Ever since I got my sleeve tattoo I’ve always known that I wanted to get a sleeve on the other arm as well.
I’ve spent years trying to figure out how to visualise the idea of the balance in life through learning and wisdom until I finally found something which resonated with me.
Ganesha is widely revered as the remover of obstacles, the patron of arts and sciences and the deva of intellect and wisdom.
“Perfect,” or so I thought.
I already knew a little about Hinduism and their deities but excited to learn more I started researching and cross-referencing their history and complex meaning. I compared images and iconography and made little notes and drawings along the way.
It didn’t take long for a sketch to take form.
Somewhere along the way, I heard the story about the white woman who got herself a dreamcatcher tattoo—a Native American symbol originating from the Ojibwe people.
It was at this point that Carlos thought, ‘Can I, a white guy, not put whatever I like on my body?”
I had researched Hindu mythology but not their tattoo history.
India, like almost every culture in the world, has a strong tradition of Gudna (burying the needle in Hindi).
Often performed by village elders or traveling Kothari women, they would use three or more sharp needles tied up in a thread to mark the skin with Kolam- and other maze-like patterns.
Looking back at history, it seems that tattoos have always revolved around superstitious, secular and religious subjects of devotion meant to either protect its wearer from bad fortune or draw good fortune towards them.
But by getting a tattoo featuring Ganesha I wouldn’t be participating in Gudna.
Instead, I would be applying a very Western touch with its history of colonialism to an important deity from Hinduism, Jainism and Buddhism.
And then wearing that colonial subjugation on my arm.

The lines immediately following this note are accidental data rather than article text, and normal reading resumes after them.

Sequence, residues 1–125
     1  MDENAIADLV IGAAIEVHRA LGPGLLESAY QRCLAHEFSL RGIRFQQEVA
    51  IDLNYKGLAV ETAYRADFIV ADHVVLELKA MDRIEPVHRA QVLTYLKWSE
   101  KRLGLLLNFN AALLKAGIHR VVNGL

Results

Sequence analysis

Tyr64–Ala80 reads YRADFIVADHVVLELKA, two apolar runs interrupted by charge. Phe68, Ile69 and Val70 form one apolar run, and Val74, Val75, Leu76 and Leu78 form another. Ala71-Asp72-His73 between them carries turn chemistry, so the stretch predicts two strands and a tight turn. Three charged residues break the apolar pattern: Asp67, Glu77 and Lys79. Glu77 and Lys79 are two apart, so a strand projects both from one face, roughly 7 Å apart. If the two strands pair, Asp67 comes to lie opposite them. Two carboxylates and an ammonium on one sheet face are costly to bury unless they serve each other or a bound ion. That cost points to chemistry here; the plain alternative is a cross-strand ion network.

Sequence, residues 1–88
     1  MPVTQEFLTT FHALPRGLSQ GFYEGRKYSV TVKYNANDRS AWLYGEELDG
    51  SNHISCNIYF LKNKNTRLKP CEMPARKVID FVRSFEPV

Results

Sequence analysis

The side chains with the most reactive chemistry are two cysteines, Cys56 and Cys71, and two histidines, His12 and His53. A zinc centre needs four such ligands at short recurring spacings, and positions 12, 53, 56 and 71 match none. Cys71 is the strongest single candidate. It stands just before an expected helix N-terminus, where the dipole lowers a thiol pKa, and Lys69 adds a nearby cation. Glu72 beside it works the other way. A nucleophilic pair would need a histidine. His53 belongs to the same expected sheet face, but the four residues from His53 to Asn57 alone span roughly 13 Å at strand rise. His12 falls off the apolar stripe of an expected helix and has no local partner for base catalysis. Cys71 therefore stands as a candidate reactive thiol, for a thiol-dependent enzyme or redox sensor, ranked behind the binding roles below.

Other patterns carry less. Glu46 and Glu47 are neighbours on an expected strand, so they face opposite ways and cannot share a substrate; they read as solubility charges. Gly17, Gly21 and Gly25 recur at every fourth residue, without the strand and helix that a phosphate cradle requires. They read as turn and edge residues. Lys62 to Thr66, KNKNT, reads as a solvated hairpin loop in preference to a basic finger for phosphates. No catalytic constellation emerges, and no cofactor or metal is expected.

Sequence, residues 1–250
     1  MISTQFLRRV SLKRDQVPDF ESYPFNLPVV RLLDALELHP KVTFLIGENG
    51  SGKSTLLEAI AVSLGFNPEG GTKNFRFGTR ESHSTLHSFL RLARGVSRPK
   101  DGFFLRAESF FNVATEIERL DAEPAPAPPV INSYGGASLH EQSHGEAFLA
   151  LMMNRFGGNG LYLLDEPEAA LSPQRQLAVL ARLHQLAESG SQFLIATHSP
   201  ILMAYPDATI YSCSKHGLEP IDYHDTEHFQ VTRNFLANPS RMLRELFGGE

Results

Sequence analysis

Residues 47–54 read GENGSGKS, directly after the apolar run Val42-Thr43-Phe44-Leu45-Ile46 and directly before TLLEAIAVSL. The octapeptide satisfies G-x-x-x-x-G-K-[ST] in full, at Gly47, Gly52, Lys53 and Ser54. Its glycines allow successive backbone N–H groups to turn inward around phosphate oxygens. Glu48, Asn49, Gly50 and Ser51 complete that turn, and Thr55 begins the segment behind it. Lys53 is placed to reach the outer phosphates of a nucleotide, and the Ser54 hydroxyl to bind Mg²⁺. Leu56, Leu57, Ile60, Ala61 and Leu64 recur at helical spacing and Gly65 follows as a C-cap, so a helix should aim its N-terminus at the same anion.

Whilst it seems there’s an element of intention and that it’s possible to be respectful of a culture that isn’t part of your own heritage, I didn’t feel like my intentions stood up to such scrutiny.
A little frustrated but accepting, it didn’t take long before I slapped my hand across my face in Patrik Stewart-like realisation, “I’ve got lots of deities of my own to draw inspiration from.”
Why would I turn to other cultures, pillage and take another white-guy-shit on their heritage, when I can turn to the very definition of pillage?
“This is perfect,” or so I thought.
Norse mythology has a wide range of iconography and rich stories to draw inspiration from as I get ready to begin another sketch.
But it feels a little familiar, doesn’t it?
There’s just something that makes me feel like I’ve seen this somewhere else.
I just can’t quite put my finger—
It was at this point that Carlos thought, ‘Who do these white guys think they are? They can’t put whatever they like on their bodies!”
As if having to deal with the prominent resurgence of bald white Neo-Nazi assholes again isn’t bad enough, they’re bald white Neo-Nazi assholes covered in swastikas, Celtic crosses, runes and Thor’s hammer.
Symbols they stole and bastardised in the name of hate and violence.
Indian symbols. Celtic symbols. Norse symbols.
Their most famous one, the Swastika, originally a Sanskrit symbol for divinity and spirituality which means, “conducive to well being or auspicious,” now tainted by Nazis and their antisemitism, scientific racism, and eugenics.
Symbols that can’t be used by the people who made them because their meaning has been soiled.
And you know what?
I get it.
It hurts to see someone take your heritage and debase it with their ideologies and agendas.
Just like I have no right to put whatever I like on my body, neither do Neo-Nazis.
So here I am, two different tattoo cultures but neither one I can or want to use.
I still want another sleeve tattoo but not at the expense of other people’s rich and living cultures.
I’ll have to think of something else.